Sunday, August 22, 2010

The Future of the Book

Last week I enjoyed one of the treats of being a published writer. My local bookstore, which I have patronized since it opened in 1967, held a reading and signing for me. Even though it was a small group, I still felt some anxiety about what to read and how to discuss my newest book, Under the Eye of Kali, but deeply pleased that I had a new book and could talk about it to others.

Near the end of the evening, two other writers and I got into a discussion of publishing on Kindle and self-publishing (not the same thing, but easy to conflate). I haven’t tried Kindle yet, and sometimes I think about it for my earlier books that are out of print, but I am very reluctant to resort to self-publishing in any format, especially in Kindle or the like, for any of my several mss sitting rejected on my closet shelf. But I am increasingly in the minority.

This is not a lament about the end of publishing as we know it, or the problem with a marketplace packed with self-published books that no one has vetted and are probably for the most part unreadable. No, all that may be true, but right now I prefer to see the opportunity in this dismal situation—dismal for traditional writers, anyway.

It occurred to me recently that those of us who have over our working years redirected our retirement savings into keeping afloat the local bookstore have a unique future ahead of us. A friend who is moving got me thinking about this when he explained that he and his wife had hired a “stager,” a woman who works with a real estate agent to prepare a home for showing to prospective buyers. The stager walked through and told them how to rearrange the furniture, which pieces of artwork to remove or re-hang, and, unequivocally, to get rid of the books. “No one reads anymore,” she said. And they removed the books.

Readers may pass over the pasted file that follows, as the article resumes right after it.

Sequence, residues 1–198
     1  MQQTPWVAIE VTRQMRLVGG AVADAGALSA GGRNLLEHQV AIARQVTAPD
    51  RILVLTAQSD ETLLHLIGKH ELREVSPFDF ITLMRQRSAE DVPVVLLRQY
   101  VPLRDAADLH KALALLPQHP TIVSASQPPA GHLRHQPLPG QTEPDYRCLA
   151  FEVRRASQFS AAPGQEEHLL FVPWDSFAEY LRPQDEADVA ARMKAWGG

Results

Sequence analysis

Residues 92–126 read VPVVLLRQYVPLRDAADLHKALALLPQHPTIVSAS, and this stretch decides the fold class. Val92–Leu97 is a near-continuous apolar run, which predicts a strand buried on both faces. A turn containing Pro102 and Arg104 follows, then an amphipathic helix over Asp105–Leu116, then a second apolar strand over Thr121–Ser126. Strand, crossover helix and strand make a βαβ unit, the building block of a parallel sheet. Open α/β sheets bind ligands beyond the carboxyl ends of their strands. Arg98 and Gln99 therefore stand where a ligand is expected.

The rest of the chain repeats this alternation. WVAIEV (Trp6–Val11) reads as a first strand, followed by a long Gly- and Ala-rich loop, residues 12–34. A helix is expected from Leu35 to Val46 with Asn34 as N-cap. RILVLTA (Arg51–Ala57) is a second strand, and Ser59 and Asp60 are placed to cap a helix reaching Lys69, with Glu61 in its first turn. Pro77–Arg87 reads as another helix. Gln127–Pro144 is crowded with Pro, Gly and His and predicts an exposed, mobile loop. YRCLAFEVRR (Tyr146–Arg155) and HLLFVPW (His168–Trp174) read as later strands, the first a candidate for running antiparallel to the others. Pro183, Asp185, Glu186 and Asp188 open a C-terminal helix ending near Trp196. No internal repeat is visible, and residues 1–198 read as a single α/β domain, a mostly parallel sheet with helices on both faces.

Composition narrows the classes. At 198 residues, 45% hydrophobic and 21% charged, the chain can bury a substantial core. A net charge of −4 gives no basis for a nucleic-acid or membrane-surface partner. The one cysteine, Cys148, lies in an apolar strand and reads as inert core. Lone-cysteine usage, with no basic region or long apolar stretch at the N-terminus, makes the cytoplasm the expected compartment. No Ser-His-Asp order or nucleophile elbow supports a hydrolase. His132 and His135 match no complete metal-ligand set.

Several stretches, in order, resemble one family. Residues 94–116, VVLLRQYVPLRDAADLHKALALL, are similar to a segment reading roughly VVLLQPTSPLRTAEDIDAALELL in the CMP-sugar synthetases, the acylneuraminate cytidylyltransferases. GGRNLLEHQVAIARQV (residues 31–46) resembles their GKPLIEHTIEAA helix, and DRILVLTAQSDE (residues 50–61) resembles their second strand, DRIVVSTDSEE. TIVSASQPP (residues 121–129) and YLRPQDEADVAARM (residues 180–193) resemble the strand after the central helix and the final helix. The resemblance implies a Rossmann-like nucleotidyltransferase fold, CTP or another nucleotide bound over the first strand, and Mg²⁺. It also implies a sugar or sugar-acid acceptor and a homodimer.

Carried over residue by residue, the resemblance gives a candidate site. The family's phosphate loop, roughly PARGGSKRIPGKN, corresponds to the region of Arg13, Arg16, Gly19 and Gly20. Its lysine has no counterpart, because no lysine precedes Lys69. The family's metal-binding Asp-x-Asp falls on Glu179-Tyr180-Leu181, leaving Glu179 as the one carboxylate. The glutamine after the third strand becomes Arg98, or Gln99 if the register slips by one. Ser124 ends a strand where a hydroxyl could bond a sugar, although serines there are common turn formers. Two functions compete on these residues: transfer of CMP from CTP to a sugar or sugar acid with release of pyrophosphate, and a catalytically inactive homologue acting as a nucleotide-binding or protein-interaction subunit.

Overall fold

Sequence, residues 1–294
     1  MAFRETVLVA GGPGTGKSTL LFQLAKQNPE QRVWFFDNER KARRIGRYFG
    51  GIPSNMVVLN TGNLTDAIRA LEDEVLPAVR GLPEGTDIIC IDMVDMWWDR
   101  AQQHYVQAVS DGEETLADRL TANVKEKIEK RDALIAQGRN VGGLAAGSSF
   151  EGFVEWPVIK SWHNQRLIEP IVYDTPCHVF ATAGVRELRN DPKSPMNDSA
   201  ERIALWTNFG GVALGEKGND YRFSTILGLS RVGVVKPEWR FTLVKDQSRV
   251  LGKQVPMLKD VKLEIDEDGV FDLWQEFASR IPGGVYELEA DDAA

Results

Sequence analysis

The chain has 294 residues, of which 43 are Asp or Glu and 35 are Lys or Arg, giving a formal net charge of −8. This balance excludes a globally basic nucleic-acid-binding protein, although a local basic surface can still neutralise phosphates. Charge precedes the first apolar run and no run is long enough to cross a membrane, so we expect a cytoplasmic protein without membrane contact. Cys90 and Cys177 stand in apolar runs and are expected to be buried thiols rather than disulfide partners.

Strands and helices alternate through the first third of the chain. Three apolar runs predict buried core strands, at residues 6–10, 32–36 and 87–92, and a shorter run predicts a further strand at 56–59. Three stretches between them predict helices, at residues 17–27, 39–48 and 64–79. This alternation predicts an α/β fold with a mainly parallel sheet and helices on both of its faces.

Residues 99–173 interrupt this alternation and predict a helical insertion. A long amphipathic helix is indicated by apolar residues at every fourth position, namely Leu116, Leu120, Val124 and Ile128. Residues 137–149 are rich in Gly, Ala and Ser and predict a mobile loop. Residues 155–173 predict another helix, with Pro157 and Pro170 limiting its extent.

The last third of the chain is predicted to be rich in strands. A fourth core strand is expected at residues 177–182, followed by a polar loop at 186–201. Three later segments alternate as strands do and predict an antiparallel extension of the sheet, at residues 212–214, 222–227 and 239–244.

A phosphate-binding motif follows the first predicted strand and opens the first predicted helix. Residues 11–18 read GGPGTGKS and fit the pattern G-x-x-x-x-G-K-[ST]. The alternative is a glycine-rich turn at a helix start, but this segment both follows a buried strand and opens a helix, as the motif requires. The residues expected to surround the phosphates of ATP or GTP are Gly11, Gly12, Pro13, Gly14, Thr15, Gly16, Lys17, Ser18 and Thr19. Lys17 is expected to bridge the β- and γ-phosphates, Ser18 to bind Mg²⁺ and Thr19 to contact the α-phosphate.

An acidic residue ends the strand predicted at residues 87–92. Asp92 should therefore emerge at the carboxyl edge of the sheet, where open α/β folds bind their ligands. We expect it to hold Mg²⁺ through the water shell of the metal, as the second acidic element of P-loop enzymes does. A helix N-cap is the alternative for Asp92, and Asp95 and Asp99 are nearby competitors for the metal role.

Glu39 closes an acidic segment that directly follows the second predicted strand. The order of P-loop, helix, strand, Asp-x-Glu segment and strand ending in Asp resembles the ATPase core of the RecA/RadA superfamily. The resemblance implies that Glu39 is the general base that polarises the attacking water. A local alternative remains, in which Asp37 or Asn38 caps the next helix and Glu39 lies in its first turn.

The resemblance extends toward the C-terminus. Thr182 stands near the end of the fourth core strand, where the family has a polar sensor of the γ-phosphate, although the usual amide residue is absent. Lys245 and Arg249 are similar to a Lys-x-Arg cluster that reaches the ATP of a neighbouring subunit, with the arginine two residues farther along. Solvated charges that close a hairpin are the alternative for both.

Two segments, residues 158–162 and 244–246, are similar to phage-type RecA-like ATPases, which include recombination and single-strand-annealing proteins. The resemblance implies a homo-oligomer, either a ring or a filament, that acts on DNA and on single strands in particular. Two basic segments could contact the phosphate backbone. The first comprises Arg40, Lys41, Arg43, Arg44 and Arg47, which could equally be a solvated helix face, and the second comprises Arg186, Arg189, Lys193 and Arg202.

A private high school library recently threw out all its printed books, in order to become an online resource center—no more books, not even packed into bookshelves against outer walls as “good insulation,” as my father-in-law often said.

With the Kindle and a generation of people like the “stager” and the headmaster of a certain prep school, books will become rare and unusual and hard to find. Children will grow up not knowing what a book is, what it looks like, how it weighs down the hand or a backpack, how it is used page by page. This is the opportunity.

People like me, who have shelves and shelves of books, old ones and new ones, falling apart ones and carefully protected ones, good ones and nastily critiqued ones, will in essence have a treasure for a museum. We will open our doors to the curious, to show them the BOOK, not to read, of course, but to observe and study, like a vase or a statue. Little children will cry, “But what does it do?” “Does it move?” “Can you change the color?” Parents will shrug and pull out their Blackberries and tweet their children’s cute comments to their grandparents, who will be sunning themselves in tropical New Jersey.

The museum will also be the site of psychological testing. For those who want to graduate to a higher level of functionality in the world, they will have to visit a museum and prove that they can read an entire book, from beginning to end, in a reasonable period of time and remain focused on the topic. And one part of the test will be recognizing that there is a single topic being developed. This person will be awarded a Certificate of Consciousness.

There won’t be nearly as many museums as you think in this future. Alas, to my surprise, I often visit friends, people I’ve always thought of as intelligent and interesting and well read, and discovered not a single book in their home. But there will be enough museums scattered across the country to ensure that everyone has at least a reasonable chance to see one book in his or her lifetime, not to read, but to see, like visiting a Da Vinci (a real one, in oils) or Van Gogh.

None of this means that there will be fewer books written. Alas, no. But they will be written entirely on little phones and other such devices, and instantly erased if they don’t live up to the standards of the software evaluating spelling, punctuation, grammar, and thought (defined by vocabulary and sentence structure). If nothing else, the number of mss floating through cyberspace from agent to agent will decline, but the number on Kindle and other such formats will explode. But by then the length of an average novel will be reduced from 100,000 words to 10,000 or fewer, to make it easier to read at traffic lights or while waiting in line for coffee.